The statistics for ultra-Orthodox students relate primarily to high schools for girls, as boys typically attend yeshivas that are not state-run and do not complete matriculation exams. Haredi schools are often partially private. Thus the average state budget for Haredi high-school students is only 24,400 shekels per girl, after increasing 30% since 2015 and 52% since 2012.

Funding gaps in elementary and middle schools have narrowed somewhat in the past few years, but they haven’t disappeared entirely. Jewish elementary school students from disadvantaged backgrounds were funded some 21,600 shekels a year, while Arab students from similar backgrounds received funding of 18,900 shekels a year, some 12.5% less. In 2015, however, the gap was 20%.

In 2019 the ministry implemented a plan to minimize funding gaps between the different school systems, which succeeded in part.

In middle schools, disadvantaged Arab students receive some 23,000 shekels in funding a year, versus 30,800 shekels per Jewish student from a similar background – a 25% difference.

As opposed to high schools, Israel’s elementary schools and middle schools receive funding from the national government based on the surrounding community’s socioeconomic standing.

Elementary schools in the state-religious system also received more funding than “regular” Jewish elementary schools. Students in the former received some 17,800 shekels in funding in 2019, about 15% more than the 15,000-shekel budget for those in the latter school system. Arab elementary schoolers received 18,300 shekels on average.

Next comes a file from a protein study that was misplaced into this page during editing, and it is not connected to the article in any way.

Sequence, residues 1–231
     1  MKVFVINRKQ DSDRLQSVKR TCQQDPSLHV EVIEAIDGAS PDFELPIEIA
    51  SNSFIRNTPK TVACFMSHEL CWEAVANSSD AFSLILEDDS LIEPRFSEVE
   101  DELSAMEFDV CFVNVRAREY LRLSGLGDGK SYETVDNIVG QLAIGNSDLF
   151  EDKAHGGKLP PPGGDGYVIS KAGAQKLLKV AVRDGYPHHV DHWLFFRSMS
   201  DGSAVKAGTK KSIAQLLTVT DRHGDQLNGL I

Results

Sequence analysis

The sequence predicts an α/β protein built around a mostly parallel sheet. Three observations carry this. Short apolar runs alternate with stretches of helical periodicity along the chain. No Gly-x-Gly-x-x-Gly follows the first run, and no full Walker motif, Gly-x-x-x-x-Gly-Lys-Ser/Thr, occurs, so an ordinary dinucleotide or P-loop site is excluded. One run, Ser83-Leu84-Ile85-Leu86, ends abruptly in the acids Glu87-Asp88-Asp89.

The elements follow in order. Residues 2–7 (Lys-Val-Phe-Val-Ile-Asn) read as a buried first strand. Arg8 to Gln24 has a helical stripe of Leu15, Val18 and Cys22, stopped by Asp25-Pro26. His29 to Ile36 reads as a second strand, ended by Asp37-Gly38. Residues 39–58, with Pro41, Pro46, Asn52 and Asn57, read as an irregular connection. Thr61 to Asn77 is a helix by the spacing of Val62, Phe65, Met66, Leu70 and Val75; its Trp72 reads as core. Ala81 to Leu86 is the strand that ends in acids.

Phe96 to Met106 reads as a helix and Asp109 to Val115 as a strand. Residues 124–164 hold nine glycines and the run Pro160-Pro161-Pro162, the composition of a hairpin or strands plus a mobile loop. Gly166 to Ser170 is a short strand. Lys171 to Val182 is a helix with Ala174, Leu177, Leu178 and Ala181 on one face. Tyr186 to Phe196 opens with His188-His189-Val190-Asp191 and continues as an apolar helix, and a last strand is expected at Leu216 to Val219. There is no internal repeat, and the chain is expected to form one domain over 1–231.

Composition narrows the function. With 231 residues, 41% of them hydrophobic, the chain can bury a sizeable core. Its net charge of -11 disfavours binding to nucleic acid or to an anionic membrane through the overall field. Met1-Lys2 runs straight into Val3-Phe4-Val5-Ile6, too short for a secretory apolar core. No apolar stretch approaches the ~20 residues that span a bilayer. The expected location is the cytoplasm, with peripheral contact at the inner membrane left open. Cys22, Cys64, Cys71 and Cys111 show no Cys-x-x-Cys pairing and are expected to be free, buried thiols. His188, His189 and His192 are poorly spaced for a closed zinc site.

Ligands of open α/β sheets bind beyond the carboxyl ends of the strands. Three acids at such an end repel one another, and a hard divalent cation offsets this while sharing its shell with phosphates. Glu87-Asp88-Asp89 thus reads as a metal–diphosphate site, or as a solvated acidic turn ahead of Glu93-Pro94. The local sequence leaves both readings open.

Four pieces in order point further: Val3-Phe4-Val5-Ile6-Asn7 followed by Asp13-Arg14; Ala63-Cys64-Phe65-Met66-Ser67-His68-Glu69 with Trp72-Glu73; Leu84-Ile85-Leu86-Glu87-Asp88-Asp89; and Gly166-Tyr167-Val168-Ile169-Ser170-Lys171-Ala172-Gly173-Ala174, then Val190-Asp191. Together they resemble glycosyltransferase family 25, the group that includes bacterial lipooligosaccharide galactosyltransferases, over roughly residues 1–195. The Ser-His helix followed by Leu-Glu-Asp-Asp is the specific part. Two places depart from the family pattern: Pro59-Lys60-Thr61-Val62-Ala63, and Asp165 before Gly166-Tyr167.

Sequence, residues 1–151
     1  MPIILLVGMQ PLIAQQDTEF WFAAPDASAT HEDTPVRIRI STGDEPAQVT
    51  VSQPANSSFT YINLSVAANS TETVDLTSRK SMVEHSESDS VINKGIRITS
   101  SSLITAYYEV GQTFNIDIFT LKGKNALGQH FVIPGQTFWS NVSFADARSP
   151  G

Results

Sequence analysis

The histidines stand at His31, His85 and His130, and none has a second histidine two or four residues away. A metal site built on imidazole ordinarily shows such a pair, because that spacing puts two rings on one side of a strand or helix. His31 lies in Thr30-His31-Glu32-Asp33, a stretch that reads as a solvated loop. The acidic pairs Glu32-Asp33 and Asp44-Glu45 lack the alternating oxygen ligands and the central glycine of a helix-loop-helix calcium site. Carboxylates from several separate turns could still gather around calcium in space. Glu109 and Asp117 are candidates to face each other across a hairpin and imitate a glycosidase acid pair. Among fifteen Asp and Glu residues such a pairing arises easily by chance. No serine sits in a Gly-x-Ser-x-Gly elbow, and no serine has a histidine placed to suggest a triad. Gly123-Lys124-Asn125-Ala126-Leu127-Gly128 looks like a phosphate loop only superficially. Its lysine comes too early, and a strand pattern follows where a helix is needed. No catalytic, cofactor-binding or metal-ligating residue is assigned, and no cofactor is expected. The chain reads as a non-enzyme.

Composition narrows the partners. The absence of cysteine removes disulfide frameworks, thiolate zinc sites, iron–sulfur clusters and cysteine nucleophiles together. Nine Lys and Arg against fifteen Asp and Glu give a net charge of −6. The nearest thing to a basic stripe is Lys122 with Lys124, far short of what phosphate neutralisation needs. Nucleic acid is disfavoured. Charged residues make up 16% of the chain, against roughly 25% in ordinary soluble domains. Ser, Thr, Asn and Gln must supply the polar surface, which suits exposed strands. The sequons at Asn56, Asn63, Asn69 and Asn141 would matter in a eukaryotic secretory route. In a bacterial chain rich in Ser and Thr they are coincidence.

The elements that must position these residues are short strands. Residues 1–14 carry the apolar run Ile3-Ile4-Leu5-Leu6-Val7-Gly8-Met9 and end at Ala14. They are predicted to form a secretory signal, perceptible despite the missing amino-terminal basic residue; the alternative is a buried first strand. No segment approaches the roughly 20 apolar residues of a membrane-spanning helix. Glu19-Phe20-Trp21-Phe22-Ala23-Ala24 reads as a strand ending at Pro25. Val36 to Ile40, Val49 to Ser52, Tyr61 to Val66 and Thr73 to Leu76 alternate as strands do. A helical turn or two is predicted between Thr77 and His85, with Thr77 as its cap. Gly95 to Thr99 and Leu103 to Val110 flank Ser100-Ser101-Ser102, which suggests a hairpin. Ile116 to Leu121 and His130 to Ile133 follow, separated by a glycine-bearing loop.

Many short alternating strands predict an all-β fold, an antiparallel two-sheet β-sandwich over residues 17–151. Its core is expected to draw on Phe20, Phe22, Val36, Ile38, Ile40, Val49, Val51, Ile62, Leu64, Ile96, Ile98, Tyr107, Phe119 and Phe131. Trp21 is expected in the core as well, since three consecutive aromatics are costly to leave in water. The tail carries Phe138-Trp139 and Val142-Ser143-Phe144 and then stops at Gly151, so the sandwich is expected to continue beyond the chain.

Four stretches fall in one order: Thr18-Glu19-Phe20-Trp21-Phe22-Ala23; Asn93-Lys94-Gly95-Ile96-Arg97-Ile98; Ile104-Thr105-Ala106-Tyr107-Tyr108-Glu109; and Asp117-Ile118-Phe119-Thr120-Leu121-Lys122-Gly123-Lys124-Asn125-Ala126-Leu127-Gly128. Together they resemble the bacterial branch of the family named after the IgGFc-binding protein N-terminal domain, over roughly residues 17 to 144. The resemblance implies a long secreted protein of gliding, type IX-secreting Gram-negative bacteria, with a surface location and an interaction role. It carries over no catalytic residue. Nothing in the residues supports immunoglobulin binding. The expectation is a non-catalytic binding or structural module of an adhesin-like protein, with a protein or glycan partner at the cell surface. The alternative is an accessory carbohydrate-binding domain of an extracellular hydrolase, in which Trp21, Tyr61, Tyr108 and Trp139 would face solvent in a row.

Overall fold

The state gave 13,900 shekels a year in funding to students in the Haredi Ma’ayan Torani education network and independent school network. These schools are private schools and not part of Israel’s national education system.

Minorities and children at risk

Meanwhile, the cabinet is expected to cancel educational programs intended to advance and assist students in outlying areas and from disadvantaged backgrounds, Ethiopian-Israelis, Arabs, members of the LGBTQ community, children at risk and those with special needs. As of September 1, thousands of people working in these programs are slated to be laid off, while the students will be left without alternative programs or assistance.

Last week, Education Minister Yoav Galant announced that 1.1 billion shekels in funding had been found to continue running several programs at risk of cancellation. However, all the above programs have an annual budget of 4.8 billion shekels.

The funding will enable the Kerev enrichment program and the Hila program for at-risk teens to continue operating. Limited funding is also being made available for cultural programming in schools.

Among the programs being canceled are a program offering after-school activities to some 60,000 children in outlying areas and disadvantaged communities; a program for advancing Ethiopian children that serves some 20,000 pupils; a program for LGBTQ children in outlying areas that serves 2,000; a program for French immigrant children; the Virtual High School program enabling children in outlying areas to take higher level courses than their local school offers; the Ra’im social program for autistic teens in outlying areas; and several other programs serving disabled children and adults.